A Naturalism of Hope

Frederick Turner writes, “The challenge is to recover a robust realm of art and literature that recognizes the deep beauty of human liberty, rationality, and enterprise … ” Hear, hear.

And of course, we tend to forget that art and literature that is not, as Ayn Rand had it, “anti-life” was around all through the dark days of the twentieth century, even during the dominance of academic forms such as abstract expressionism in painting and serial and aleatory music — and did not have to be ideology-top-heavy. The non-verbal arts may be leading the way, as I note that the so-called “neo-Romantic” movement in painting and in serious music are producing some intriguing work (though I don’t think there is anything like a transcendent work of genius to come out of it yet (but, again, it’s early days…) (I can’t quite see Morten Lauridsen’s “Lux Aeterna” in that role, though there’s certainly an unseemly amount of gushing about it in some circles).

In literature, we’re not going to get a literature of human aspiration again until we get artists who feel it again — and feel it overridingly. At the moment there is no real market for that sort of thing — and no such market is likely to emerge until what is loosely called the “New York Publishing Mafia” breaks up and is buried so far under that not even its zombified corpse can unearth itself. There are hopeful movements in that direction, but the sad fact is that the fifty to seventy year old conventions of the ironic novel are set in concrete.

“What you Yanks lack,” an elderly English science fiction writer told us once, “is a decent sense of despair.” Well, that remark gave me a sense of despair, all right: This eminent practitioner did not seem to realize that he was doing nothing more than privileging one set of literary conventions over others—and that, as literary conventions, none is better than others; you can get good art out of the romance as readily as out of the ironic novel. Science fiction did hold out for a very long time indeed, and that is a matter for hope, surely: it’s a commonplace of literary history that the prestige forms of one era come out of the subliterary forms of earlier eras. We can look back on Wordsworth’s theoretical preface(s) to Lyrical Ballads and see that his “real language of men” owed more to broadsides and street songs than to any such naturalistic speech. Indeed, I would like to find a collier anywhere who wanders lonely as a cloud among the daffodils. Literary progressives always take up the same tattered banner of naturalism, no matter how unnatural the conventions they want to work in may be.

And that suggests that for us to get that literature of hope, people have to see that hopefulness as naturalistic. Fortunately, what is seen as naturalistic is in the eye and ear of the beholder; if we had to wait for it to become actually natural, we’d be outlining our hands on cave walls still.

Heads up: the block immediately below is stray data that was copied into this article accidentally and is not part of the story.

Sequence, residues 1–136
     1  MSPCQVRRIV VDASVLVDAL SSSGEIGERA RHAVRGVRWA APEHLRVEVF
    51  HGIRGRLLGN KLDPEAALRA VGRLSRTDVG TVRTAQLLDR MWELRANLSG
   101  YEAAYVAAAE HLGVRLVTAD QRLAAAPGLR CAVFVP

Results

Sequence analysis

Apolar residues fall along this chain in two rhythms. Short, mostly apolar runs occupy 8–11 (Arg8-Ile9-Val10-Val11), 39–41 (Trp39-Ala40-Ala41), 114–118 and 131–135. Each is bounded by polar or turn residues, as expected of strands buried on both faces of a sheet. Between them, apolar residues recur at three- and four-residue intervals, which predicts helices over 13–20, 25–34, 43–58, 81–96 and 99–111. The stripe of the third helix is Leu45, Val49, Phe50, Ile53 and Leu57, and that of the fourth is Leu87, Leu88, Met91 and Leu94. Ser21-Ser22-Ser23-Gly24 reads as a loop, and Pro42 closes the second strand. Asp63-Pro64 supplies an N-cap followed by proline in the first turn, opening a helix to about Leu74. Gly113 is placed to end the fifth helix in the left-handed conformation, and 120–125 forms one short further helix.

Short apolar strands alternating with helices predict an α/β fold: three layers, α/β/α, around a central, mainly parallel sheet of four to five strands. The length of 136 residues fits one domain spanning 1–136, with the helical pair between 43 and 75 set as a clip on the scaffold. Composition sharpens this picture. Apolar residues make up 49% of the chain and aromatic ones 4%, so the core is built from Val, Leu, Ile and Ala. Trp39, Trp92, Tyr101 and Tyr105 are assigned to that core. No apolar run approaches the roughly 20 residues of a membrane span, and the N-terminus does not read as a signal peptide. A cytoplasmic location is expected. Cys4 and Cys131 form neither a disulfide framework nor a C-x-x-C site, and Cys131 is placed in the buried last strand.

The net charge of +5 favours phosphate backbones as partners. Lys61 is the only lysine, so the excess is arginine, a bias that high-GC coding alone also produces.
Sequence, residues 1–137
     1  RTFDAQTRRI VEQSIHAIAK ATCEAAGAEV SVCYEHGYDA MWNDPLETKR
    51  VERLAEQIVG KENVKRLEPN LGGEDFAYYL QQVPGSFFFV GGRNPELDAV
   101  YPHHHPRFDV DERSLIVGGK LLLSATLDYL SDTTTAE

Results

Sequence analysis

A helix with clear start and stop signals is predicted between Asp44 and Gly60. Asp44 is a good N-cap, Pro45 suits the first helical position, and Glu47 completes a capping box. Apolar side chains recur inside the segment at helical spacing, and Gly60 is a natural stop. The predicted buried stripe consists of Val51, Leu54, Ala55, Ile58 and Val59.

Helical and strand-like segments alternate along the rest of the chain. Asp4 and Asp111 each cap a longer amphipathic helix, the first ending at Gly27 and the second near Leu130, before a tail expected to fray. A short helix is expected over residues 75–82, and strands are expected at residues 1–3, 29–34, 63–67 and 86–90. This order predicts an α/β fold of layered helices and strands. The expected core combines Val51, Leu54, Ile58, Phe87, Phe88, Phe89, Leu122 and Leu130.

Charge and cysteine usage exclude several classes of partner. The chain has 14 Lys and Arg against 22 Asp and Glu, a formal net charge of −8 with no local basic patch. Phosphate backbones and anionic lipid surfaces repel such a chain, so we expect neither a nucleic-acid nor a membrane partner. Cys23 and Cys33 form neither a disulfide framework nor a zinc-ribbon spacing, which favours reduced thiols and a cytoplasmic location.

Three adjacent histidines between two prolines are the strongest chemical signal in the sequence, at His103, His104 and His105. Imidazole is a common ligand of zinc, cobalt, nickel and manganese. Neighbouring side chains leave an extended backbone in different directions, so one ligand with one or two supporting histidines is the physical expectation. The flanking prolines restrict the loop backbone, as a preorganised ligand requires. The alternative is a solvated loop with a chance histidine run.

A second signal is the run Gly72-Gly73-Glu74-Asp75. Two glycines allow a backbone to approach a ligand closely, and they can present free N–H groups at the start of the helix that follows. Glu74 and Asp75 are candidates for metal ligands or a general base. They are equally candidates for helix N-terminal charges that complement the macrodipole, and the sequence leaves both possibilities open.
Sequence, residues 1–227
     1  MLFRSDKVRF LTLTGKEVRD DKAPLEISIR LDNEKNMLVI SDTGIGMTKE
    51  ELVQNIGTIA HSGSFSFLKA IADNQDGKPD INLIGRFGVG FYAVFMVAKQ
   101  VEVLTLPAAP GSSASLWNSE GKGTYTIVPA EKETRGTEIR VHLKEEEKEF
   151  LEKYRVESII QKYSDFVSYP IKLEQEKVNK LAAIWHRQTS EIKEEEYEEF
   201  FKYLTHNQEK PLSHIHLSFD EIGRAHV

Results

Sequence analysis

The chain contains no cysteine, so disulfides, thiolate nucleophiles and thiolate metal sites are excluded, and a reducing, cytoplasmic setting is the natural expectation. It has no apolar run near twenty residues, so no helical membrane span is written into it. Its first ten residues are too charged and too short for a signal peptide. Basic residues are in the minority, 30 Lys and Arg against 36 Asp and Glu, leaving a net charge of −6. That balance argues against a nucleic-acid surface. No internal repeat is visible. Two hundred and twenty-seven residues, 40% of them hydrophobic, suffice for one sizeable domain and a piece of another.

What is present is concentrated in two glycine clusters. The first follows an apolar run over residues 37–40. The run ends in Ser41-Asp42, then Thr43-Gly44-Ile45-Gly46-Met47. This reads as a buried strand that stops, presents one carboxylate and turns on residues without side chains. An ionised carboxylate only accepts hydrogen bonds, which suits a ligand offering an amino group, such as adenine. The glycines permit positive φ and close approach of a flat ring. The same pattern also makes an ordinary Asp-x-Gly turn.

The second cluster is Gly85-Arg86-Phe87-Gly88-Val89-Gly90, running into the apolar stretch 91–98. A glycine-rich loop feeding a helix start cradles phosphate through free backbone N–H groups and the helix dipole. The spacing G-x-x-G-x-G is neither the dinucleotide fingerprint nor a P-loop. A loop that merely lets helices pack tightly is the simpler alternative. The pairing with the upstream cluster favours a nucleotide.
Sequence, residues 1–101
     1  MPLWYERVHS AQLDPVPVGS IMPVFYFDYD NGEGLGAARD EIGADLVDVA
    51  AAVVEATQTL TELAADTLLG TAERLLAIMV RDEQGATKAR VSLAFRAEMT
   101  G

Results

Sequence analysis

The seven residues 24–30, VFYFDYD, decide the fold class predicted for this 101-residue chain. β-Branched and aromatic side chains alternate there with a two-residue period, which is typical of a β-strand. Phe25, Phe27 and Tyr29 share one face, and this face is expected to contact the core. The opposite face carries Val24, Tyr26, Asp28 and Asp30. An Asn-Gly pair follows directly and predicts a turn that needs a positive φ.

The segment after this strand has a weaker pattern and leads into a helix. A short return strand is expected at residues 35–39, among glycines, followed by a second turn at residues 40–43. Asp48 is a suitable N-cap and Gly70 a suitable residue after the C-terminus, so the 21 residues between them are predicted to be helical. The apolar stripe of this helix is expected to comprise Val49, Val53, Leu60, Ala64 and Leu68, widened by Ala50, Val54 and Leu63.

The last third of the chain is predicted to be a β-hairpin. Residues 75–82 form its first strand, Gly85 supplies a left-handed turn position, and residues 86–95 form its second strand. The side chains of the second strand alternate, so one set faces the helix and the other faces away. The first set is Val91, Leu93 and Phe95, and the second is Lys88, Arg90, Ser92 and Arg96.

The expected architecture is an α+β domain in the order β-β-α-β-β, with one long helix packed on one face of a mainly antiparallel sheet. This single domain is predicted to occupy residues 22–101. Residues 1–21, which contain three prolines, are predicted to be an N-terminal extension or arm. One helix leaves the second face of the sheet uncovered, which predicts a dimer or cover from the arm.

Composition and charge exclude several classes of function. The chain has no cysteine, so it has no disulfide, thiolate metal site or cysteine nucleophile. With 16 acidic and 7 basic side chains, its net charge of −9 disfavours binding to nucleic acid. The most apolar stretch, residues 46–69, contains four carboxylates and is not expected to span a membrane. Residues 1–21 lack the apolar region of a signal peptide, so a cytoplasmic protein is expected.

Also from This Issue

Lead Essay

  • Bonfire of the Clichés by Sarah Skwire

    Literary scholar Sarah Skwire asks us to revisit the western canon’s portrayal of business and commerce. Mainstream scholars and libertarians both seem to agree that the “great books” portray business in a uniformly negative light, but Skwire finds the evidence for this contention to be thin. She proposes a much more nuanced view, in which critiques of the market stand side by side with favorable depictions and even sound, encouraging advice for would-be businessmen. It’s time to get beyond the clichés about literature and commerce.

Response Essays

  • Three At-Risk Children of the Enlightenment by William H. Patterson Jr.

    William H. Patterson, Jr. reflects on the origins of liberty, commerce, and literature as we have come to understand them today. He finds that all three have a common root in the European Enlightenment. History, however, often comes in cycles or waves, and the fortunes of all three have risen and fallen over time. He expresses the hope that each of the three “at-risk children of the Enlightenment” will flourish in the coming decades.

  • The Economics of Shakespeare… and His Critics by Frederick Turner

    Frederick Turner offers a structural explanation for why literary scholars have been so eager to supply anti-commercial readings to the western canon. Literary criticism began among gentlemen; it then passed to the anti-commercial meritocracy of the universities. But alternate readings exist, and Turner even offers a startlingly pro-commerical reading of The Merchant of Venice.

  • Stranger in a Familiar Land by Amy H. Sturgis

    Amy H. Sturgis argues that much of the apparent anti-market bias in literature stems from elitism. By excluding genre fiction, mainstream literary critics also exclude many thoughtful and provocative treatments of markets and their place in political economy. Often the excluded works are highly sympathetic to libertarian ideals. Fiction shapes public opinion, including public opinion about markets, and popular fiction by definition reaches more than any other kind.

The Conversation